Once-through nuclear fuel cycles leave thousands of metric tons of spent nuclear waste to be disposed of -approximately 80,000 tons in the US alone. The enduring proposal for disposal are geological repositories, deep facilities that store waste in crystalline rock or clay where they can safely decay without escaping into the biosphere. To ensure this, engineered barrier systems encapsulate the waste container, forming an additional boundary between waste and the biosphere. The time scale for disposal is ~1M years, with the first 100,000 years being the most critical. My work uses x-ray spectroscopy to characterize different concretes proposed for use in barrier systems to identify the best candidates for long-term disposal.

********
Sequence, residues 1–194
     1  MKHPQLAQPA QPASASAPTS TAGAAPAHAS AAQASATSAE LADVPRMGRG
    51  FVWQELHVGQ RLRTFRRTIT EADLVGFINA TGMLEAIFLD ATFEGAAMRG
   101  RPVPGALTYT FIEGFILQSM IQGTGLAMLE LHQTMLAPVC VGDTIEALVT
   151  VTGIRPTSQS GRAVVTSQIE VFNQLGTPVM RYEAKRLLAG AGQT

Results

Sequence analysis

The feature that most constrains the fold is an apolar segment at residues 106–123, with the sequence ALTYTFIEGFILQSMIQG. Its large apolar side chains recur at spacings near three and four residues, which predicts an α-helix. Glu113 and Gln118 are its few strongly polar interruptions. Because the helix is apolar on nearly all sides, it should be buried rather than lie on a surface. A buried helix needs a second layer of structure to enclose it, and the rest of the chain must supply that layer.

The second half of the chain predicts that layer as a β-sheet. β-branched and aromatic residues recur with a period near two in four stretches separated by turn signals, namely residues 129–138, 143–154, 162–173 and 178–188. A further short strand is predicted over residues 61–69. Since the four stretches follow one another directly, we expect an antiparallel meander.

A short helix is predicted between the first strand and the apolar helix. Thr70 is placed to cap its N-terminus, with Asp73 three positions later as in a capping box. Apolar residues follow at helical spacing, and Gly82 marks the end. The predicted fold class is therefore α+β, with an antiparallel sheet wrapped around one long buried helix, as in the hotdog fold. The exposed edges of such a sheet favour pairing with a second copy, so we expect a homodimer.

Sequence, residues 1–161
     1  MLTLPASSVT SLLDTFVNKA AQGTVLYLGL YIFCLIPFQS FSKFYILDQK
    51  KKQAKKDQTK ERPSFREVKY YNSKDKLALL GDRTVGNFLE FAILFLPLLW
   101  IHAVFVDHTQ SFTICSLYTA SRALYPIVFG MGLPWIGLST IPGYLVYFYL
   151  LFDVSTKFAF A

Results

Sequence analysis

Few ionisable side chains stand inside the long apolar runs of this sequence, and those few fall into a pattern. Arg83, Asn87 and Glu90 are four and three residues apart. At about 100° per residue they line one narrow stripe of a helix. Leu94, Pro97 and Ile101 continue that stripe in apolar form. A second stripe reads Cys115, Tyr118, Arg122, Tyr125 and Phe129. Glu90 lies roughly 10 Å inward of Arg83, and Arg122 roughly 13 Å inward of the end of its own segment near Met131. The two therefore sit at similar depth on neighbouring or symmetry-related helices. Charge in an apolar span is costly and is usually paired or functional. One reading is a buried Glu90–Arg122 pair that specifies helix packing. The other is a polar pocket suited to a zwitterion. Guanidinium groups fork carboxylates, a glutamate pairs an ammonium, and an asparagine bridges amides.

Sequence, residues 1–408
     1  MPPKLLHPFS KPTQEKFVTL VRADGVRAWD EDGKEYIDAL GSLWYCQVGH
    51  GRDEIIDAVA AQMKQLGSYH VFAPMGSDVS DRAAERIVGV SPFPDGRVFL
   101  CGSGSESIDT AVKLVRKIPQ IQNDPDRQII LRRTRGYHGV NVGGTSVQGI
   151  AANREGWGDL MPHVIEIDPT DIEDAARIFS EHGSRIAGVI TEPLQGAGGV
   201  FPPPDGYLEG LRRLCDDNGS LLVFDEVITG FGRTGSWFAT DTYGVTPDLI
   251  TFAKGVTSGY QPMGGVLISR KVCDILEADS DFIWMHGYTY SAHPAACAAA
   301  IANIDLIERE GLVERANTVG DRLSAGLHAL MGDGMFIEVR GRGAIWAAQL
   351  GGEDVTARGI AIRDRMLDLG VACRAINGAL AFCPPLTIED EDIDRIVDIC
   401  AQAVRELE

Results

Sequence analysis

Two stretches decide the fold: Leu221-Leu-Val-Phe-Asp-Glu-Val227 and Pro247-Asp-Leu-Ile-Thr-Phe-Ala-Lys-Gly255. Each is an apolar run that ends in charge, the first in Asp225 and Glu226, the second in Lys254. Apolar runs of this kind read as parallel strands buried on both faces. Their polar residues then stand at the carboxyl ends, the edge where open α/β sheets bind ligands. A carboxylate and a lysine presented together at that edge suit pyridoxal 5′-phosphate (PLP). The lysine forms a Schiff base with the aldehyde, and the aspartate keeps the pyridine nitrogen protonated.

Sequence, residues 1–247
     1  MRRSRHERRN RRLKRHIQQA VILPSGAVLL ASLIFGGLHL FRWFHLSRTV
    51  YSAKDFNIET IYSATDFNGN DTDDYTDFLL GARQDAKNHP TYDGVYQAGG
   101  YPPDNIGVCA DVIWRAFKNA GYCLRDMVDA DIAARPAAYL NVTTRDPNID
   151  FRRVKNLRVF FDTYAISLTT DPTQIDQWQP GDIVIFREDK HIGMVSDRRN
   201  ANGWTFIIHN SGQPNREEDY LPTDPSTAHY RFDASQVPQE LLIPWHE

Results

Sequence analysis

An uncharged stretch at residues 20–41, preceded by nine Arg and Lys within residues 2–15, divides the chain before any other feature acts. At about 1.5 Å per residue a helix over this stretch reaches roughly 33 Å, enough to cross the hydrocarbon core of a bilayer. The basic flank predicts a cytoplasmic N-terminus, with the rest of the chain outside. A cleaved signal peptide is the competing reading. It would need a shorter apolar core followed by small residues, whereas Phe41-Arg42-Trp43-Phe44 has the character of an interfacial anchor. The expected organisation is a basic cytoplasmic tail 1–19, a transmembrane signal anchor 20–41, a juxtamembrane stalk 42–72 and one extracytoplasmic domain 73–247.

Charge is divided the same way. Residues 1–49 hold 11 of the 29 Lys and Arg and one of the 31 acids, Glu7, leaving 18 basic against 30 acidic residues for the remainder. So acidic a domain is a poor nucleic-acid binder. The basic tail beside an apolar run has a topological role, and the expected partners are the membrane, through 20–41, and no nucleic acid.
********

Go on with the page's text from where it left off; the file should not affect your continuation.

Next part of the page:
Advisor: Gerald Siedler – Material Science and Engineering